June 10, 2011
Written By Chloe Lutts Jensen
“McCormick & Co., Inc. (MKC) has earned the right to be called an ‘annuity’ because it has consistently delivered 10% annual returns—through persistent price appreciation and annual dividend and EPS growth—to its owners over the past decade. This company owns some of the most impenetrable brand names in any market niche. … The brands—the eponymous McCormick, Lawry’s, Old Bay, and Zatarain—are so powerful that McCormick controls 60% of the consumer spice market.
“What McCormick doesn’t control directly with its own brands, it controls indirectly through private label partnerships. The company’s dominance extends beyond the consumer spice rack. Forty percent of the company’s sales are from large consumer-product companies including Kraft (KFT), Pepsico (PEP), General Mills (GIS) and Yum! Brands (YUM).
“The consumer business is the more profitable of the two segments, with operating margins on the consumer side of 19% compared to seven percent on the industrial side. Fortunately, the relationship between the two is symbiotic. McCormick has been able to leverage its corporate relationships to extend its own higher-margin brands. In China, for example, McCormick has been able to use its experience and logistics expertise to help Yum! Brands achieve extraordinary growth and increase market penetration with its own consumer brands.
“Innovation and invention would seem at odds with a product as basic as spices. After all, how much can you innovate with spices? The answer is, apparently, a lot. Nearly 10% of McCormick’s annual sales are derived from new products, such as Grill Mates (a seasoning line for grilling), Grinders (seasoning containers with grinders built in), Slow Cookers (a seasoning line for slow cooker devices like crock pots) and Perfect Pinch Seasoning Blends (a line of 18 blends of herbs and spices). All were introduced in just the past three years.
“McCormick is targeting new growth opportunities in the Latino market. According to the Census, over the past ten years the Hispanic population has surged 43% to 50.5 million in 2010 from 35.3 million in 2000. McCormick recently rolled out a new multimillion-dollar marketing campaign, featuring its El Bravo brand, aimed at Latino customers.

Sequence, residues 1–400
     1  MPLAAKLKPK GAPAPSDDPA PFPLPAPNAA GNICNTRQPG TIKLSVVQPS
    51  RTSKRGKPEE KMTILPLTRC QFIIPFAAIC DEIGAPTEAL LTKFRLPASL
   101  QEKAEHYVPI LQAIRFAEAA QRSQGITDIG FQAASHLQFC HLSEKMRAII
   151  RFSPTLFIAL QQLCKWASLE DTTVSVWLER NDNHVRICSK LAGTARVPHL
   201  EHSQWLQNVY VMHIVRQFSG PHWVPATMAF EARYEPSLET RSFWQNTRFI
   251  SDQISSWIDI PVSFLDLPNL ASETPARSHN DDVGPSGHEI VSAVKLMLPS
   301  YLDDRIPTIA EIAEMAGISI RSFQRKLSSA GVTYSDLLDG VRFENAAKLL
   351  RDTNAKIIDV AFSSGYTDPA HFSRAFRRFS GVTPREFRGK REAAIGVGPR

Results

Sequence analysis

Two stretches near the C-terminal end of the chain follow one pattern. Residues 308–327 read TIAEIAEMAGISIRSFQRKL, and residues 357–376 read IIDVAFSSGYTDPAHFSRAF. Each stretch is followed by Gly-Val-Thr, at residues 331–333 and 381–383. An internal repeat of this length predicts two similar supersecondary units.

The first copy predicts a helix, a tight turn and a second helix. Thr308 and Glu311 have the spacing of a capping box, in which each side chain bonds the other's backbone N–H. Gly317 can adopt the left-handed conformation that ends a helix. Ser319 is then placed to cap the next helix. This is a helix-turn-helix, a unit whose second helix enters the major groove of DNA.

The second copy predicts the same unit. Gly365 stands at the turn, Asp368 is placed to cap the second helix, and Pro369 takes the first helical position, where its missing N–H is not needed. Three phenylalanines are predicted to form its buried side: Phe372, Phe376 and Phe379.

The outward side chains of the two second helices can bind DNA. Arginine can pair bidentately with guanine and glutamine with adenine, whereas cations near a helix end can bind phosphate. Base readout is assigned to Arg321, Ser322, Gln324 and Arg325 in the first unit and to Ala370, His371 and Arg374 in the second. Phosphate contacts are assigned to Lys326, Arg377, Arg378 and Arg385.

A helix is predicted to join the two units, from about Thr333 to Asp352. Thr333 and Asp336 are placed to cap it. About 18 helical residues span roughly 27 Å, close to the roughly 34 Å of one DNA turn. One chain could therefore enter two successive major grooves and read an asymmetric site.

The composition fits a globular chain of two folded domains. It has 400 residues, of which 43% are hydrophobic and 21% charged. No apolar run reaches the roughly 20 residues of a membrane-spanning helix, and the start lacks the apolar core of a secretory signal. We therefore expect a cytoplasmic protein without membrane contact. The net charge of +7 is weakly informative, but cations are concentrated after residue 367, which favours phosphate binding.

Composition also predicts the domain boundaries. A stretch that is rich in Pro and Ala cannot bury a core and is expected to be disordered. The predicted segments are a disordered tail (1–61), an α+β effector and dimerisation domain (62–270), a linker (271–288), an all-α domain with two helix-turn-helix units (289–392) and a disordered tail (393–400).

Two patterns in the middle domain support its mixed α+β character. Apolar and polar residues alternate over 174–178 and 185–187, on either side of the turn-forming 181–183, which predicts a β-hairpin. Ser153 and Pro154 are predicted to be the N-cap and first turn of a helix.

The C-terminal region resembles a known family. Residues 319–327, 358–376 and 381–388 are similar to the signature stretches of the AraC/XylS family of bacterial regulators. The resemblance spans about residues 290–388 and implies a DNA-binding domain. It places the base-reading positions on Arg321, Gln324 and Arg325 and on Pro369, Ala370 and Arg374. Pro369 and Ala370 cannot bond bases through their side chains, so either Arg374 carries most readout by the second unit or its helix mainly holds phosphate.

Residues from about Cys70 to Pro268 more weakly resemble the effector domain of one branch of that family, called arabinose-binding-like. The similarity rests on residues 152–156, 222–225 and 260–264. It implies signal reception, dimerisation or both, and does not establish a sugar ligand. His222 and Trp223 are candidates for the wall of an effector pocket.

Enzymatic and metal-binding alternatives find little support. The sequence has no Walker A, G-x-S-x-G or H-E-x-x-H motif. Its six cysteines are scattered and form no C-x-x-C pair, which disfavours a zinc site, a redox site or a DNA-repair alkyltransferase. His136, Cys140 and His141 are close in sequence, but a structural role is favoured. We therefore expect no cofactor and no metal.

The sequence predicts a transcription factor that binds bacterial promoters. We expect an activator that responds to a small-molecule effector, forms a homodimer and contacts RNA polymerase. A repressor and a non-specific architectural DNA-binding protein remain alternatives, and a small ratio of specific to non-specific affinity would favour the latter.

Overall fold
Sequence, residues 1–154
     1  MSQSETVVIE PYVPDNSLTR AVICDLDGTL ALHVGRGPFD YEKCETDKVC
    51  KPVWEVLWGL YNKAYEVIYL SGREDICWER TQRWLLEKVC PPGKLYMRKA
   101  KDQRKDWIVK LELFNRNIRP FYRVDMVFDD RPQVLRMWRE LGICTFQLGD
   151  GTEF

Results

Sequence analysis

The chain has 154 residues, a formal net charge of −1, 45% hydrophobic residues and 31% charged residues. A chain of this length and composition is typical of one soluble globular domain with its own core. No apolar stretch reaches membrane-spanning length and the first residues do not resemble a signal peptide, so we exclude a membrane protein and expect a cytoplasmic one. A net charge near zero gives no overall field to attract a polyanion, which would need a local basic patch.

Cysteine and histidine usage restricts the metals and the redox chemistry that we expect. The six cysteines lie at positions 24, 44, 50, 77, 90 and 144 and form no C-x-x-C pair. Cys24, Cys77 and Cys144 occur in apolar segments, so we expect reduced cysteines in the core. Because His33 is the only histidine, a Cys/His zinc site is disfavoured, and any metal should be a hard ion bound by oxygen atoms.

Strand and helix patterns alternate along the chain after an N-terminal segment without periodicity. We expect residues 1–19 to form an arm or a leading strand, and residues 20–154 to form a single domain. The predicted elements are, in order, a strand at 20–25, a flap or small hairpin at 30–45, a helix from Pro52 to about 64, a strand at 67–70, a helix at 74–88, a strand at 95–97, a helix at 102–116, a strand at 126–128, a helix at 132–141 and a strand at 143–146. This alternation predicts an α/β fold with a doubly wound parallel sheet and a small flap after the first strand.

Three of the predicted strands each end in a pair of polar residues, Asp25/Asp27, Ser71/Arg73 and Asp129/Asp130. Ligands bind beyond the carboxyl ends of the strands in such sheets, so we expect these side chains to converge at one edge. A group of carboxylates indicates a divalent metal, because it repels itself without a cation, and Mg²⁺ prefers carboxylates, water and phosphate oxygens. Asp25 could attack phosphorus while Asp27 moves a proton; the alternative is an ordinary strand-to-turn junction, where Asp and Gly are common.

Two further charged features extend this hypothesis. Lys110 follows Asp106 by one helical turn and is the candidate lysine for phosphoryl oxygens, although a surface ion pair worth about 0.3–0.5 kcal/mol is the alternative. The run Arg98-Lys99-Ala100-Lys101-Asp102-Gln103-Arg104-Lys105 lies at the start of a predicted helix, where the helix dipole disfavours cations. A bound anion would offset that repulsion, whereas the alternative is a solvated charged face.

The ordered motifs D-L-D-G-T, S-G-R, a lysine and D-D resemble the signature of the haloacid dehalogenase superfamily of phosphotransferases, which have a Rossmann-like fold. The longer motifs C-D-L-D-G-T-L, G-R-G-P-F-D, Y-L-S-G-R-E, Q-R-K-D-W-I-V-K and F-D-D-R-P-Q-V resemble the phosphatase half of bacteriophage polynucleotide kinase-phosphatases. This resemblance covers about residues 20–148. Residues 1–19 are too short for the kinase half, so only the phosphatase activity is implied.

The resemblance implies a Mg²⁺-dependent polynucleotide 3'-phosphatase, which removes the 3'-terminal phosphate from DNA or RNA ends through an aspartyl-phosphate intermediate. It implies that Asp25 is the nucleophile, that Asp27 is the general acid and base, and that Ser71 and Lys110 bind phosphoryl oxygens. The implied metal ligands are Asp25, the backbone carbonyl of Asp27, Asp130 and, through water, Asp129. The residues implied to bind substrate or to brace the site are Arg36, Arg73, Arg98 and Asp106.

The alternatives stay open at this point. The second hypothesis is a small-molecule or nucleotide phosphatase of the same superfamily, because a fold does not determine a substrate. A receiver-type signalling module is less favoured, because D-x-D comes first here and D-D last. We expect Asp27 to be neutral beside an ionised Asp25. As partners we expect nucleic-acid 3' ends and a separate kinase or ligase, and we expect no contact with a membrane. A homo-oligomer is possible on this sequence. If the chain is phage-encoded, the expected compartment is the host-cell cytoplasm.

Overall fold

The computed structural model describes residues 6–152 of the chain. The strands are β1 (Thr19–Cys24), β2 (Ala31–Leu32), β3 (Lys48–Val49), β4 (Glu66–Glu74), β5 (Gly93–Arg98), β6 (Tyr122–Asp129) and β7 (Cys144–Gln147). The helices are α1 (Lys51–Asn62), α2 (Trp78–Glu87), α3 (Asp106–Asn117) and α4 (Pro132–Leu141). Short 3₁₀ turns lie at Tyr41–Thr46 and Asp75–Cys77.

“Acquisitions have been another key growth driver. Twenty percent of 2011 sales are derived from acquisitions made in the past 10 years. Lawry’s, acquired from Unilever (UL) in 2008, was one of McCormick’s more savvy purchases. Lawry’s products are higher-margin than most of McCormick’s product line. What’s more, the actual production lines producing Lawry’s products can produce at lower costs than the bulk of McCormick’s production lines. This suggests that McCormick’s margins have room to expand as management applies Lawry’s production efficiencies to other McCormick lines.
“Higher margins, in turn, should translate to higher earnings and higher dividend payments. Neither has been a problem for McCormick over the years. Both EPS and dividends have grown at a 10% annual rate over the past decade. Even more impressive, free cash—money available to service dividends— has grown at an annual rate of 12%. I attribute McCormick’s exceptional bottom-line growth to management’s focus on operating efficiency and a greater percentage of sales being generated from higher-margin consumer products.
“As dividends and EPS go, so too goes McCormick’s share price. Indeed, the share price has more than doubled over the past decade, which means shares have been appreciating at an eight percent average annual rate. When the average appreciation rate is combined with an average yield of around 2.3%, investors would have realized just over 10% in average annual return over the past decade. … Management reaffirmed fiscal 2011 guidance and expects EPS of $2.80 to $2.85, with sales growing in a range of five to seven percent to around $3.5 billion. While the company hasn’t made any forecasts for 2012, the consensus analyst estimate is for EPS of $3.10.
“McCormick shares are trading at 17.5-times 2011 EPS, compared to the historically normal valuation of 19.3-times earnings. … Based on historical trends, McCormick’s dividend should rise another 100% in the next decade if sales grow at just a four percent annualized rate, which I don’t believe is a problem given McCormick’s success with recent spice innovations, and what I expect to be a successful surge into the fast-growing Latino market. … Buy McCormick below $50 a share.”
Ian Wyatt, High Yield Wealth, 6/6/11